Ukraine: JRS in action to welcome refugees

01 March 2022

Refugees fleeing from the conflict in Ukraine are crossing the border to neighbouring Poland. (Sergi Camara/Entreculturas - Alboan - JRS)

JRS has been following with concern the developments in Ukraine even before the start of the Russian military offensive. We join with Pope Francis in grieving the “diabolical senselessness of violence” and in asking all parties to “refrain from any action that would cause more suffering.”  While we hope that they will soon be able to return safely, JRS and the Society of Jesus (the Jesuits) are mobilizing resources worldwide to provide immediate support in Ukraine and in neighboring countries. JRS stands close in thoughts and prayers with people being forced to leave their homes. We welcome efforts by the EU and its Member States, in particular those neighboring Ukraine, to keep borders open and welcome those forced to flee and we call on the EU to respond with unity and in solidarity in the short and long term.

In Ukraine: helping those fleeing, supporting the internally displaced 

In Lviv, where JRS is present, the security situation is still relatively calm. Many people are arriving from other parts of Ukraine. The majority of them intends to reach the Polish border and often need support or a place to spend the night on their way there. JRS refugee house, with a capacity of about 20 people, is currently been used to that end. Also the retreat house of the Jesuits has been immediately converted into a transit house for displaced people.

In Romania: JRS on the first line 

Between the 24th and 28th of February, 70.000 people have transited from Ukraine into Romania. About 30.000 of them quickly left for other EU countries, while about 28.000 chose to remain. Only a small minority officially applied for asylum for the moment, so most of them are legally migrant and not entitled to reception as asylum seekers. Both the Romanian authorities and citizens are showing great enthusiasm to welcome people, however coordination is still needed in the different responses.

JRS Romania is providing support both in the centers for asylum seekers along the borders and to the people who are not in the centers, by providing welcome packages, acting as a mediator between private donors, government organizations and the people in need, supporting people to reach airports and train stations, providing accommodation in JRS’s own shelter and looking for more accommodation for people in need.

In Poland and Hungary: creating and supporting a welcoming infrastructure 

Poland is for the moment the country receiving the most arrivals of people from Ukraine. Many are staying with family and friends as well as travelling forward to other EU countries. JRS is mobilizing to facilitate transportation for people from the borders as well as providing basic supplies and supporting people finding provisional accommodation through rental assistance. Additional support in the form of legal, administrative as well as psychological assistance is being organized.

Hungary is receiving smaller numbers of people for the moment, including Hungarians who were living across the border in Ukraine. The government has expressed the will to support the refugees and the Hungarian population is reacting in a very welcoming way. JRS has a small presence in the country and at this moment is assessing how to best be of use. Hungary is traditionally a transit country for refugees, however in this case, should the conflict continue, it is likely that many Ukrainians will want to remain. JRS is therefore already looking into medium-term support needs, such as longer term accommodation support, next to the more immediate needs such as food and healthcare supplies.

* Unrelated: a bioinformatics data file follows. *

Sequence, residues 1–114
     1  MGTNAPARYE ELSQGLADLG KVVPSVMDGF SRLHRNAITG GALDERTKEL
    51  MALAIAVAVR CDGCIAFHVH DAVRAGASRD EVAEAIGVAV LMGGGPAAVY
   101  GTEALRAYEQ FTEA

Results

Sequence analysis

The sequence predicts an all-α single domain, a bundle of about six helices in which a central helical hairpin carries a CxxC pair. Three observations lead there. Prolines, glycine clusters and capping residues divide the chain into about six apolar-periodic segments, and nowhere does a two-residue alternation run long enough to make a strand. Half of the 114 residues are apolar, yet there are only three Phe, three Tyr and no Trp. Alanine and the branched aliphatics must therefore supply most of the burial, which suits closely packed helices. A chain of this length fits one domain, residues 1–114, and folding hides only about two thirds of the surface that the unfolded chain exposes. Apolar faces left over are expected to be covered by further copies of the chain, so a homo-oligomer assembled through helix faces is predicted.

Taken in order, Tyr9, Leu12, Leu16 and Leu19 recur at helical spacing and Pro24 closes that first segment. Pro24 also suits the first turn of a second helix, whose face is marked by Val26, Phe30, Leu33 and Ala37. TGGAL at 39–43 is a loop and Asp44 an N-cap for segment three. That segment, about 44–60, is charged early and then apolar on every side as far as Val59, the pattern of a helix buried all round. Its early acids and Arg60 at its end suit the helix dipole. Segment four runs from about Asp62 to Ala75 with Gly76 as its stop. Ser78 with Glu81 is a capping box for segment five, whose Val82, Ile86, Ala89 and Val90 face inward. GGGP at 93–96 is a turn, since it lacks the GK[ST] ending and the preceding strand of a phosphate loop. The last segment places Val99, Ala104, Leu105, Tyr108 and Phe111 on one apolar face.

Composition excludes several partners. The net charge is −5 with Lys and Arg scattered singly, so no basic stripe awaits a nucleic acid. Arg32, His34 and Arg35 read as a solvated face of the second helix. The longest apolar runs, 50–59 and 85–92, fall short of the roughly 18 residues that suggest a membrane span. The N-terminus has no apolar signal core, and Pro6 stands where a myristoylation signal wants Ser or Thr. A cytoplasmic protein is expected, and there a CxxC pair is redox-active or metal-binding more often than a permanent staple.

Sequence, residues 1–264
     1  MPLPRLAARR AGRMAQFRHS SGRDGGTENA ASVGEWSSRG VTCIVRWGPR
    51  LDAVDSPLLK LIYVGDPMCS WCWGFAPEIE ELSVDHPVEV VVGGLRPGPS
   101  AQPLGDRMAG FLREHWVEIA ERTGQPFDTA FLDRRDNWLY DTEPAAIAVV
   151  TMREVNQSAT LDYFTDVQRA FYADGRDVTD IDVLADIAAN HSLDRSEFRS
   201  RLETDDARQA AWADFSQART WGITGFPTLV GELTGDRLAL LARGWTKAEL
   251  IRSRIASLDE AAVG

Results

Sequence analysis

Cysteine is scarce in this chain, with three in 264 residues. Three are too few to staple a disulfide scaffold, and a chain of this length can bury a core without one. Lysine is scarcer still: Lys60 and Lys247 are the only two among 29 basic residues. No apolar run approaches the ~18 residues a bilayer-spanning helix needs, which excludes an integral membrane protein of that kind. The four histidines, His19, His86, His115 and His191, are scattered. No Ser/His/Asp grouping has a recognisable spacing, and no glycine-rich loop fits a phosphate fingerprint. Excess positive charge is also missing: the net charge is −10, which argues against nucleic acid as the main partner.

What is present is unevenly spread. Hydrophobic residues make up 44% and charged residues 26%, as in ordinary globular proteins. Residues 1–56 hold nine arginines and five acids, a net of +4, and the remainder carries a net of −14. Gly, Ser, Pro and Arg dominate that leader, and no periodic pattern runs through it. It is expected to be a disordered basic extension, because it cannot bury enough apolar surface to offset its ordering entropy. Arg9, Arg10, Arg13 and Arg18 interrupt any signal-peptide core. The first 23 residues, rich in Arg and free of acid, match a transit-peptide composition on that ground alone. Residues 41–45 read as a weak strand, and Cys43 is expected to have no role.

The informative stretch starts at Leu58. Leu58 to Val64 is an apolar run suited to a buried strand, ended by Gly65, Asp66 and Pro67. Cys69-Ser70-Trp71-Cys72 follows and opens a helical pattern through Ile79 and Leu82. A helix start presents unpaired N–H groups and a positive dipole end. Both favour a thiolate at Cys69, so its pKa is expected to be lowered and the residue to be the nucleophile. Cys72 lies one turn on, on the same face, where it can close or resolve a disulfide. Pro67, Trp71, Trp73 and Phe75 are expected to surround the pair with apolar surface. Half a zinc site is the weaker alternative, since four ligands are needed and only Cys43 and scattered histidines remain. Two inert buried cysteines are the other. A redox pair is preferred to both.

In South-East Europe: preparing from the ‘second line’  

Bearing in mind the experience of the Crimean crisis in 2014, JRS in South-East Europe (Croatia, Bosnia-Herzegovina, Serbia, Kosovo, North-Macedonia) is also preparing to receive some Ukranians refugees should the conflict persist. Contingency planning is prepared, including the search for potential accommodation within families, parishes and Jesuit houses. Relevant contacts with government authorities and municipalities, such as the city of Zagreb in Croatia, are being established in order to be ready with response based on hospitality in case of need.

At the EU level: advocating for a welcoming response 

At the regional level JRS Europe is monitoring the developments in the region as a whole and the EU’s response in particular.

We welcome the initial positive response of the EU Member States, determined to react as a Union and provide protection to people feel Ukraine and we strongly support the proposal of activating the procedure to provide temporary protection in cases of max influx of refugees as foreseen by the Temporary Protection Directive.

We wish to stress that all people fleeing the conflict in Ukraine should be allowed to leave the country, irrespective of their nationality. Once in safety, and within  adequate reception conditions, the protection needs of third country nationals that are not Ukranians can be assessed according to the existing procedures and the repatriation of those who wish to return to their home-countries can and should be facilitated.

Next to the immediate response, EU Member States need to quickly discuss and agree on a responsibility-sharing scheme, including clear relocation measures, to ensure that the workload of Ukraine’s neighboring countries remains under control and that EU standards of protection and reception conditions can be guaranteed. Finally, the protection needs of Ukranians who were already outside the country when the conflict started must also be recognized.